These touches and flourishes are light and airy, yet mood-shaping, rather than direct and in-your-face. Listen closely to the deceptively simple “What’s Hannin’” and you’ll hear the layers—the bubbling and sputtering beat accompanied by an understated waltzing bassline and Girl 6-like samples cooing, “Ahhh” and “Ohhh yeah.” Add plucky guitar licks and dishpan cuts and scratches (“A Beautiful Thing”) and you’ve got an album that should have no problem standing out from the year’s flood of releases. In “Nothin’ Fake/The Ultimate”, two songs merged into one track (the first features a smooth verse from Del), A-Plus plays the instruments and then adds “record crackle” to give the impression he used a sample. That attention to detail runs throughout the record and it creates a fresh, organic feel while providing something familiar. The question, though, is whether all of this will sound so familiar to listeners that they won’t notice the technique. Will it end up being too clever for its own good?


While we puzzle over that, we’ve got time to examine A-Plus’ rhyming skills. No doubt, the man more than holds his own, dropping breakneck verses loaded with similes, allusions, and internal rhyme. I would’ve been satisfied if he had handled all the vocal duties, with no collaborations at all, but I understand the whole “It takes a village” mentality of the crew. No problem there.


In terms of content, he addresses doubts about being a solo artist (“The One”), confirms his continued allegiance to his homies, pays tribute to deceased loved ones (“Kiss the Sky”), kicks the ballistics about relationship woes (“Now There You Go”), and professes his love for weed (“My Dub Song”). Regarding the weed, he stitches together the usual love-related clichés and places them in a fresher context by substituting “dub” for “love.” For the sake of clarity, a “dub” is a “20-sack,” the same type of 20-sack Snoop was talking about way back when in “Who Am I? (What’s My Name)” when he said, “I got five on a 20-sack” (remember the rest: “…it’s like that and as a matter of fact / rat-tat-tat-tat / ‘cause I never hesitate to put a fool on his baaaaaack…”—that’s the radio version).  In A-Plus’ song, you get lines like “What’s dub got to do with it” and “I feel like LL—I need dub”. Hey, anybody can do pro-weed material—big deal—but it takes a special person to flip a Pat Benatar song title into “dub is a battlefield”. Makes you wanna scream like Pat, “Whoa oh oh oh oh oh oh oh ohhhhhhhhhhhh…we are strong! No one can tell us we’re wrong!”  Word.  Likewise, I know Barry Manilow catches a lot of flack, but A-Plus gets much props for coming up with phrases to rhyme with “Barry Manilow” in “Patna Please” (“I know the antidote” / “You and your man’ll choke” / “don’t even matter, though”). That’s no small task, lemme tell ya.


As technically correct as A-Plus’ delivery is, it’s also the source of the perception (at least among those I’ve played the CD for) that A-Plus lacks an identifiable “it”-quality, some type of “pizzazz” in his personality, or “wow”-factor. I agree that the album is consistent in quality but lacks a breakout hit, but I disagree that A-Plus lacks charisma. Here’s what’s happening: he’s mixing his fast-paced style with his slower cadences, sometimes elongating certain syllables the way Ludacris might do, all the while calibrating his rhymes to the key and pitch of his accompaniment. The result, then, is that his voice operates as an instrument or, if you want to use my argument against me, as one instrument among many.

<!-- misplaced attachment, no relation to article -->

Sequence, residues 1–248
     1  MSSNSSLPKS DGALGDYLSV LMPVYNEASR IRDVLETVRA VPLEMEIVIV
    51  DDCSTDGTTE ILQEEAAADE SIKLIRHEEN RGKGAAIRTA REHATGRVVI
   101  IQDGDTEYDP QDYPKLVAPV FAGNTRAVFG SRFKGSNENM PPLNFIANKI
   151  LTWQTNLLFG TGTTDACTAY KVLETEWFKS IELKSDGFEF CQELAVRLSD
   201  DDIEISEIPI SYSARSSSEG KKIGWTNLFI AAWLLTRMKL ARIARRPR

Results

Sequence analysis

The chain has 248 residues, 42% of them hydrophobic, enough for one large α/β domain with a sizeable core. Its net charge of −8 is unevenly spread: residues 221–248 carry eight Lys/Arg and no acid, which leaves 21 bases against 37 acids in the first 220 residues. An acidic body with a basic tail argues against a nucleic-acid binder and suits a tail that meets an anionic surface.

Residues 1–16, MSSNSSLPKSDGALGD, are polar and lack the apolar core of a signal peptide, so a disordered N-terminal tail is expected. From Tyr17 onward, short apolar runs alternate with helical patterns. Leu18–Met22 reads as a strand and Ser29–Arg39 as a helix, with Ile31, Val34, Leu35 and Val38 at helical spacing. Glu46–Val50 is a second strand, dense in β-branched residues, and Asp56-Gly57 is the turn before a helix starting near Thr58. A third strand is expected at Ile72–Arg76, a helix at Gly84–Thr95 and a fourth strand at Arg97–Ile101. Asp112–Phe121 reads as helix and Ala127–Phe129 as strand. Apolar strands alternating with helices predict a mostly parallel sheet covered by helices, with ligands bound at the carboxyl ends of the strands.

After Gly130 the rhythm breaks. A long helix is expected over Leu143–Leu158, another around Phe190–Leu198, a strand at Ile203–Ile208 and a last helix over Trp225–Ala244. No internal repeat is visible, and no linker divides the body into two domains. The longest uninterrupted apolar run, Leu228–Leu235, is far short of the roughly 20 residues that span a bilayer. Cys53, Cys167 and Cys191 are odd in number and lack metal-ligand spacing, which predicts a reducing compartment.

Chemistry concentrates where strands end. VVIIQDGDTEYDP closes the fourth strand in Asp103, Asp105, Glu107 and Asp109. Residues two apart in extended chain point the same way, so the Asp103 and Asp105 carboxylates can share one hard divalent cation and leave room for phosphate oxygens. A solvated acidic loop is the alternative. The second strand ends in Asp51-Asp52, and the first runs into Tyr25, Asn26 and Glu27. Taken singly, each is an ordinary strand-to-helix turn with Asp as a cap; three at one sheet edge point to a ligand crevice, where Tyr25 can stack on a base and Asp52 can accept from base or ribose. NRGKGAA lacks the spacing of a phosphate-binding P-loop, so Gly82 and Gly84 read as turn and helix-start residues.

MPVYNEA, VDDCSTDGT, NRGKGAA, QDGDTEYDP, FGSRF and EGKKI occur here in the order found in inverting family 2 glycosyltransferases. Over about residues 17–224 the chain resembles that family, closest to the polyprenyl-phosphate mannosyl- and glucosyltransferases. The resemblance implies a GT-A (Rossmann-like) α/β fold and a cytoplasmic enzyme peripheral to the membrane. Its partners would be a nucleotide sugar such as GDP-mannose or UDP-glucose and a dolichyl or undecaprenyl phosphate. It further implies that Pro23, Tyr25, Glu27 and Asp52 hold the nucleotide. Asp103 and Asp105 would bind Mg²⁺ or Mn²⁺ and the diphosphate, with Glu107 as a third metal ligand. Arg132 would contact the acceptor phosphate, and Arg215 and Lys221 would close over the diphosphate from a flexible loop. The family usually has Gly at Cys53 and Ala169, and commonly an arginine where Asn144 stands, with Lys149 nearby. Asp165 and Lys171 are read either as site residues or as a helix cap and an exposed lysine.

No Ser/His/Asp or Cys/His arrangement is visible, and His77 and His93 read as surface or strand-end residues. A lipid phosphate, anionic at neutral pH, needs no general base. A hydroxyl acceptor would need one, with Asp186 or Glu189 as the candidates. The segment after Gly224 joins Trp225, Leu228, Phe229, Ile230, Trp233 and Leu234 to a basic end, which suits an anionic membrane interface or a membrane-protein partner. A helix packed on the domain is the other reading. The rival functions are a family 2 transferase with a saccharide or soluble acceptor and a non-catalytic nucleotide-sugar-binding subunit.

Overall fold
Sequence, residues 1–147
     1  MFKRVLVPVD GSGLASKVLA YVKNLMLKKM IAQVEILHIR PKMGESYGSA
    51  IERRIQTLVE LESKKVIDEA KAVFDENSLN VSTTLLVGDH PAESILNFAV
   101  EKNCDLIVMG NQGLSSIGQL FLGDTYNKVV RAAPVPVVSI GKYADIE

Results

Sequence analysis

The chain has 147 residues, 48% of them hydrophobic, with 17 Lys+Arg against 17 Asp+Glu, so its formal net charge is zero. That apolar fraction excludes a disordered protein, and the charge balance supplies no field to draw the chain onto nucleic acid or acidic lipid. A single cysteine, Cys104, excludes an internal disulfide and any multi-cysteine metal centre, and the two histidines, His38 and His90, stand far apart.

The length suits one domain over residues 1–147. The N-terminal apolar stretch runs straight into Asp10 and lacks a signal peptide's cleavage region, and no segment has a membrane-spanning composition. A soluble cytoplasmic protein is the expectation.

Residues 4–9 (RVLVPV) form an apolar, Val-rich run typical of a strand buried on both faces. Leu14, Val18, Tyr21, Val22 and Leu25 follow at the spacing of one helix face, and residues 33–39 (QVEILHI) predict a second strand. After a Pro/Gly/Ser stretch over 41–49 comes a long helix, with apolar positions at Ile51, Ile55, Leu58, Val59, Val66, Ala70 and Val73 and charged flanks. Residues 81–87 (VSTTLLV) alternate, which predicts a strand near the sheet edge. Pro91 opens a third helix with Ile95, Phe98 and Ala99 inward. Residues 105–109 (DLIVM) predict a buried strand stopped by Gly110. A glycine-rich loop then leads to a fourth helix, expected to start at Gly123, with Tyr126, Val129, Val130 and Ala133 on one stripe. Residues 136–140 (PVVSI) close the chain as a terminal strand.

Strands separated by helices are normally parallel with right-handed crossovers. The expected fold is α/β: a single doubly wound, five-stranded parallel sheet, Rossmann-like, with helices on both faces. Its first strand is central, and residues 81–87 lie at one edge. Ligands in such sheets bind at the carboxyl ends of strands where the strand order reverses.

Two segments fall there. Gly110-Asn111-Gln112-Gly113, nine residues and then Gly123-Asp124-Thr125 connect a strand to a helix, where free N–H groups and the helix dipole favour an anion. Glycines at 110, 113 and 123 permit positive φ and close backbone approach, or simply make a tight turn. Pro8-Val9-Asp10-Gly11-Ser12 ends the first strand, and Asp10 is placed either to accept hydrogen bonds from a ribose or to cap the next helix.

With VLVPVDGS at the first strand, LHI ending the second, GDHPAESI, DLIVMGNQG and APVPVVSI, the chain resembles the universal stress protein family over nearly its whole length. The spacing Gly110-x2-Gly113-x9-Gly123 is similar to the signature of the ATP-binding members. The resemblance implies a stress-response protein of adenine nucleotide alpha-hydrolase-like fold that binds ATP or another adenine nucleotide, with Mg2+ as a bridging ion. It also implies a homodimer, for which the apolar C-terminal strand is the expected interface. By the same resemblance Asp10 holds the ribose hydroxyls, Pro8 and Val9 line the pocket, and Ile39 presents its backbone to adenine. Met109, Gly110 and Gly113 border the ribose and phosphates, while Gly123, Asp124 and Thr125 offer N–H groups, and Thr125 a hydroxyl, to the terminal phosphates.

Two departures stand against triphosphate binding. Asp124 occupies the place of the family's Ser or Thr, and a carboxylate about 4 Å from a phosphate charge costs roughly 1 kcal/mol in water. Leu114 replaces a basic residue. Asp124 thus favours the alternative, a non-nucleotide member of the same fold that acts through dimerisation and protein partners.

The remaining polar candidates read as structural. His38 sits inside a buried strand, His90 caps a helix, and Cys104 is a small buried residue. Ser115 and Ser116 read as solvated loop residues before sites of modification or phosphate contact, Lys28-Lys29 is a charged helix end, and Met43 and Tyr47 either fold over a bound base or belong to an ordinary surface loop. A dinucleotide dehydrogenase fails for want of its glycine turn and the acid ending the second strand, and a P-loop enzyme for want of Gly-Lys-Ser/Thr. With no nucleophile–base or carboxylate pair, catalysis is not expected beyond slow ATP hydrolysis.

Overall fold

To me, the layering of his vocals creates a type of harmony, but the layering plus his pitch work to blend his voice with his sound-scape. I know, I know—rap in general is arguably about an emcee using his or her voice as an instrument but, here, you can almost get swept away in how A-Plus angles and projects his words, how he vocalizes and inflects, to the point that you have to go back and say, “Wait, play that again. What did he say?”


For me, his approach works and shows how tuned in he is with his material. For others, it’s going to sound like vocal camouflage, and A-Plus might seem like a chameleon who adapts to his sonic environment. But give it chance. This joint is solid, from start to finish, with skilled collaborations, textured production, and a range of styles. My favorite cuts are: “The One”, “A-P-L-U-S”, “A Beautiful Thing”, “Patna Please”, “Far Away From Here” and “Now There You Go”.

Rating:

Quentin Huff is an attorney, writer, visual artist, and professional tennis player who lives and works in Winston-Salem, North Carolina. In addition to serving as an adjunct professor at Wake Forest University School of Law, he enjoys practicing entertainment law. When he's not busy suing people or giving other people advice on how to sue people, he writes novels, short stories, poetry, screenplays, diary entries, and essays. Quentin's writing appears, or is forthcoming, in: Casa Poema, Pemmican Press, Switched-On Gutenberg, Defenestration, Poems Niederngasse, and The Ringing Ear, Cave Canem's anthology of contemporary African American poetry rooted in the South. His family owns and operates Huff Art Studio, an art gallery specializing in fine art, printing, and graphic design. Quentin loves Final Fantasy videogames, Barbara Kingsolver's The Poisonwood Bible, his mother Earnestine, PopMatters, and all things Prince.